Both of Belgium's green parties (Ecolo and Groen) have put forward a proposal which would force future governments to implement a federal bike plan, La Dernière Heure reports. This would ensure that "one in four commutes are done by bike," according to the proposal's authors.
The plan would see ministers promote and support cycling through set objectives and accompanying measures, as the current government already does through its BE CYCLIST plan.
MPs Nicolas Parent (Ecolo) and Kim Buyst (Groen) both want the government to continue the initiative, with their parliamentary proposal calling for a similar plan to be created within the next governing coalition's first six months in office.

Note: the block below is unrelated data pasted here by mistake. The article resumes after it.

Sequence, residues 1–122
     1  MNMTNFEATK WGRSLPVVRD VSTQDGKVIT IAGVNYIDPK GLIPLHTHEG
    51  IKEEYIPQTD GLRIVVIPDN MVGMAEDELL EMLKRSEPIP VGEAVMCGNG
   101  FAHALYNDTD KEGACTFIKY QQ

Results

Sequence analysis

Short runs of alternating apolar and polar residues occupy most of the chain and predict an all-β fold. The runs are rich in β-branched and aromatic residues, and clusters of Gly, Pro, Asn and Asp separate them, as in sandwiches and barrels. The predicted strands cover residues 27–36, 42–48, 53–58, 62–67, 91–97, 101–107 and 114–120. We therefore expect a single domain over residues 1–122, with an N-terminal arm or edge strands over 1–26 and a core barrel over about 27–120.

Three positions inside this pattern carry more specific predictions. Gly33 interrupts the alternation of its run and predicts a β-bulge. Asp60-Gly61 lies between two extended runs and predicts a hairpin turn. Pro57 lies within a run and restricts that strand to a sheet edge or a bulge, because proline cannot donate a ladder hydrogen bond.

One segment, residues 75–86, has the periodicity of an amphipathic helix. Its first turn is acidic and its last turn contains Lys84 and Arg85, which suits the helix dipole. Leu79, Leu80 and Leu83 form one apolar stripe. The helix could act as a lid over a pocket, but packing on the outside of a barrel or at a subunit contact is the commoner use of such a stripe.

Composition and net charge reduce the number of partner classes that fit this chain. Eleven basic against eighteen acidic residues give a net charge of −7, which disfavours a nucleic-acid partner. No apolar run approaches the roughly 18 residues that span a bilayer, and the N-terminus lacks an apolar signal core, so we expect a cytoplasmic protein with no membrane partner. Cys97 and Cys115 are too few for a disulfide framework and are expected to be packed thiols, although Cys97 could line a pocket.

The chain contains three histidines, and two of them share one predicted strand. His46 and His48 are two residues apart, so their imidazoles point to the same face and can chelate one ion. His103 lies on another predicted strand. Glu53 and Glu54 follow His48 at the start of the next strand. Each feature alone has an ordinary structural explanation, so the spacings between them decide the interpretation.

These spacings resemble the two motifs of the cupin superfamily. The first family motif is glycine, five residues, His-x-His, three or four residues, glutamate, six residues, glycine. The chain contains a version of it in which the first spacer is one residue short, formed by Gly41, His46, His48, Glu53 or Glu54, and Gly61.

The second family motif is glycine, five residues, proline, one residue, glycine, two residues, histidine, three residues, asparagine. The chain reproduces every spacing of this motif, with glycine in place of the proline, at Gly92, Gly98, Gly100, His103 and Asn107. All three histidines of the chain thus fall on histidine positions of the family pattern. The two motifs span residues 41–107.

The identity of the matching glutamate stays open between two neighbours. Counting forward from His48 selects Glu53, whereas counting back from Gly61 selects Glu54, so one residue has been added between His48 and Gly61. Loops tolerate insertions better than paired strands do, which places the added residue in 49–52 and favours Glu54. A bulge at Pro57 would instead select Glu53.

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For both MPs, the plan would also result in a quarter of all Belgian commutes being done by bike within the next ten years, which is why they want a Federal Cycling Commission to also be created. The committee would consult and collaborate with various cycling organisations, such as Gracq or Pro-Vélo, to give their opinion on any biking measure decided by the government.
Parent and Buyst laid out their arguments for the plan to La Dernière Heure and focused on the benefits cycling can offer to citizens' health and the country's economy. Parent claimed that more cycling would "prevent 472 deaths per year," while explaining that bike repairs would create over 2,100 jobs by 2030.
However, other politicians are critical of the proposal, which they believe is the greens' way of forcing citizens into cycling. The Brussels-Capital Region's Employment Minister Bernard Clerfayt even accused them of "preempting the future choices of voters" and municipalities.
Translation of tweet: "The greens are preempting the future choices of voters and the region and municipalities authority. Yes to alternatives to the car, but no to the doxa of political ecology!"